Building Intensity through Flavor and Substance

I love tacos – they are quick, easy and perfect for those last-minute get-togethers! Yet keeping a ravenous group at bay in order to snap a few photos is a nearly impossible task. I have already had several parties where tacos were the main event…which you can tell never made it to this blog. Yet my most recent endeavor was saved by an age-old trick: the marinade. This made preparation the day of a breeze, giving ample time to snap some awesome photos! No taco party is complete without salsa and guacamole (my recipe HERE), both of which we had plenty! The fillers were two recipes that gave this taco bar a unique twist: Grilled Tamarind Chicken and Tequila-Lime Shrimp Skewers.
Tamarind soda…having never even used Tamaring before, this ingredient seemed a little far-fetched. I received my FineCooking issue this month, and was dying to give this recipe a try. About Tamarind: primarily indigenous to tropical Africa, the Tamarind tree can be found in areas throughout Arabia, South Asia and Mexico. The fruit resembles a pea pod, and is often brown or reddish-brown in color. It imparts a sweet and sour taste, resulting in its popular use for a number of dishes ranging from sorbets and sweetened drinks to soups and salads.*
The beauty of this marinade is two-fold: one is the tangy flavor imparted by the tamarind, and the other is the tenderizing effect from the soda itself (you can find it in the Asian or Latin aisles at your supermarket). The recipe is SO simple, and yet this was some of the tenderest chicken I’ve ever made for tacos! The flavor was subtle, yet a delicious tangent from conventional Tex-Mex marinades. Click HERE to learn more about this unique recipe!
Normally these two ingredients imply a very different kind of evening…yet for culinary purposes, they can be a powerful pair. Tequila has (understandably) received a horrible reputation, yet it is this very repute that has made it a premium liquor in both production and standards. The blue agave plant is the base for tequila, and is to this day still harvested manually by “jimadores,” who know and understand the plant like the backs of their hands. The distillation process is equally venerable.**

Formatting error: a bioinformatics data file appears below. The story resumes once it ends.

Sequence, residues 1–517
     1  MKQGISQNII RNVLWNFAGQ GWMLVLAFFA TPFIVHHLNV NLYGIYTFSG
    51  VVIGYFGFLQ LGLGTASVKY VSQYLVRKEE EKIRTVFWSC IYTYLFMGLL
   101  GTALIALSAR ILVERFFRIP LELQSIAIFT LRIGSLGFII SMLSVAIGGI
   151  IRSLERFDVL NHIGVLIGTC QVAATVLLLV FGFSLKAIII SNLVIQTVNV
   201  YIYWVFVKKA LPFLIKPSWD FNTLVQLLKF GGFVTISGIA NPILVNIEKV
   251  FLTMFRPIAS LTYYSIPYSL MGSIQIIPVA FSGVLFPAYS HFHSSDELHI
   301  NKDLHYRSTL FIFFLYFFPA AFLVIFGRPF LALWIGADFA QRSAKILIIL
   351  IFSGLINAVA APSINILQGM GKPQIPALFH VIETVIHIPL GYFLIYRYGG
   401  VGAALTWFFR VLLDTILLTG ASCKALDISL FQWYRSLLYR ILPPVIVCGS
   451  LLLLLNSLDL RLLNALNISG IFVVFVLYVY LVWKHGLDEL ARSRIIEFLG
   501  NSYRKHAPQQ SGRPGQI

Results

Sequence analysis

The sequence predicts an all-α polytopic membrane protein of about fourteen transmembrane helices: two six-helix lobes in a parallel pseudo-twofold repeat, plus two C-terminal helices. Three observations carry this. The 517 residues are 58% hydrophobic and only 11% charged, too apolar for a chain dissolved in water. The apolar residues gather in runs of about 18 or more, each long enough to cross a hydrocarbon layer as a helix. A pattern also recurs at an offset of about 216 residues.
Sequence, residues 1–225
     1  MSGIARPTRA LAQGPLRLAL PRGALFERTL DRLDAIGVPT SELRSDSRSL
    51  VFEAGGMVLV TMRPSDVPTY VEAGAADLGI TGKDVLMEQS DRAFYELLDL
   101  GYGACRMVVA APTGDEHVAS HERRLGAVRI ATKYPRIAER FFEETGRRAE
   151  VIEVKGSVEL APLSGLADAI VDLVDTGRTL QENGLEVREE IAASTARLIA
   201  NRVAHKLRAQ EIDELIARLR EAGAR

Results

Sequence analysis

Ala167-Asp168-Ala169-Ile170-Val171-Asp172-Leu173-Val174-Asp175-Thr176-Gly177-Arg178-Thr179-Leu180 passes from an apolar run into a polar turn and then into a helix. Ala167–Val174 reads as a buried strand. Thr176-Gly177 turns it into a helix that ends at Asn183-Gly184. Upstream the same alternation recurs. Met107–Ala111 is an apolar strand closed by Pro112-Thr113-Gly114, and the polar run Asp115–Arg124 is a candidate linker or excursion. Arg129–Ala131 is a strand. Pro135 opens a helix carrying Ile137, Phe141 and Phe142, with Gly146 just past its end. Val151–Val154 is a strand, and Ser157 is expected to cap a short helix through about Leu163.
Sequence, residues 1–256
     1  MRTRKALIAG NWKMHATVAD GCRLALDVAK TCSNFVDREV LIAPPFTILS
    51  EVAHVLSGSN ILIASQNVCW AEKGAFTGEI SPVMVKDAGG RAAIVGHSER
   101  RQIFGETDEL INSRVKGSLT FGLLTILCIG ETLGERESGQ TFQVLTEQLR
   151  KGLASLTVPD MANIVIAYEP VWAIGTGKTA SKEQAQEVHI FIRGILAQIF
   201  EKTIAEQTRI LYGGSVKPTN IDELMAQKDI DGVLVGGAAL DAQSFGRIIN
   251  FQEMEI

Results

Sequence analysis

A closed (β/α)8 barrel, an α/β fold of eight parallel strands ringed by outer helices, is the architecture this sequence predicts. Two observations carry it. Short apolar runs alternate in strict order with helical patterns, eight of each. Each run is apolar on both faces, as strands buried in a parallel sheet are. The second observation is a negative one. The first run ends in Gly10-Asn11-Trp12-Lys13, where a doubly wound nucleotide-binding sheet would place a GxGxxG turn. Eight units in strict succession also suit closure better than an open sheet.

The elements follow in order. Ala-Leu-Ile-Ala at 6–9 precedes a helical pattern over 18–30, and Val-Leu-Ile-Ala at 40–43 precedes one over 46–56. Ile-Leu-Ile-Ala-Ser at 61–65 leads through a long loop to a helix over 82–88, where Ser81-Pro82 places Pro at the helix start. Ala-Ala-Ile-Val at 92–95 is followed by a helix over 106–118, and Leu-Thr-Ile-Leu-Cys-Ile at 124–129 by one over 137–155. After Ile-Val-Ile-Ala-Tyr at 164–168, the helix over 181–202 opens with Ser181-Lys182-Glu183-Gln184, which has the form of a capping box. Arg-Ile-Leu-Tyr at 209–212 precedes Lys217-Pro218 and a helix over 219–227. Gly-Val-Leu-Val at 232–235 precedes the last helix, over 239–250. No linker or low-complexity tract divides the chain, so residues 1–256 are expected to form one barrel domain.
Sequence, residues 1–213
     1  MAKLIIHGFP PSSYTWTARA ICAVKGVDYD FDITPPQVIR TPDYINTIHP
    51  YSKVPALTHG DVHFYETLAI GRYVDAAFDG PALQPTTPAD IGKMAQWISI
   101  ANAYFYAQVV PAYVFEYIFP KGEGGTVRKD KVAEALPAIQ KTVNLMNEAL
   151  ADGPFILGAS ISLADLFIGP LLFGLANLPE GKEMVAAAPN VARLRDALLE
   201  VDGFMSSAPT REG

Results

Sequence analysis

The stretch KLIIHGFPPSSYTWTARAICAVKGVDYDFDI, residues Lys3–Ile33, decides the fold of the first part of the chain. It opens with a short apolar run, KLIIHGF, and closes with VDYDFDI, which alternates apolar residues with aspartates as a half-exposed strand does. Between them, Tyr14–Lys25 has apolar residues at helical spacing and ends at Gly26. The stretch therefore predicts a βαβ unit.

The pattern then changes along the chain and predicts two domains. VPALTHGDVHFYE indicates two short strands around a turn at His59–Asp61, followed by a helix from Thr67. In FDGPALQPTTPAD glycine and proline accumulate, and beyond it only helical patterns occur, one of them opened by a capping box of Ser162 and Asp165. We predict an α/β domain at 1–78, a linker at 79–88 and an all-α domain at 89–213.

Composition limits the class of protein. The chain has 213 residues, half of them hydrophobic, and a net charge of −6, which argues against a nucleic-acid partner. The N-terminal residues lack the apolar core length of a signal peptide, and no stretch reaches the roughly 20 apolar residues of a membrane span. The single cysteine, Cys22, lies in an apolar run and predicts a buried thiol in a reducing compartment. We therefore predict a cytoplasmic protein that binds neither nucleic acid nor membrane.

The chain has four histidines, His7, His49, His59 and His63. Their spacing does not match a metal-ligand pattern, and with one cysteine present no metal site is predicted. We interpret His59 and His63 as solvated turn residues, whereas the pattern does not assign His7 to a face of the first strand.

I’ve made this marinade before, and it works like a charm! No worries if you’re not a tequila fan: the alcohol cooks off, leaving a unique flavor that won’t (at least shouldn’t) stir up any bad memories. The shrimp only need to cook briefly, making for a quick and easy meal. Feel free to eat these with tacos, or straight off the skewer (which you may be tempted to do): click HERE to check out this awesome recipe.
Considering this meal was a taco bar, these dishes each started out with a single idea, then were built upon with other ingredients – salsa, guacamole, bean salad, cheese, sour cream, etc. The idea of building multiple items upon a theme led  to my musical inspiration: Maurice Ravel’s Boléro (thanks to my awesome subletter Erin Bollacker!) This piece is built upon an ostinato, or a musical phrase/rhythm that is repeated over and over again. Gradually, more instruments are added to the theme, growing in volume and size. The climax is a massive finale with the entire orchestra playing in tandem – not unlike a finished taco brimming with fillings and sauce! The ostinato context, on the other hand, reflects the simplicity of making these delicious tacos. The video link I’ve included is of the Vienna Philharmonic with (my favorite!) Gustavo Dudamel conducting – the opening solos are absolutely breathtaking! Mind you, this is a 20 minute recording, which should be ample time to assemble at LEAST 2 of these awesome tacos (perhaps 3) – enjoy!

Sources Cited:

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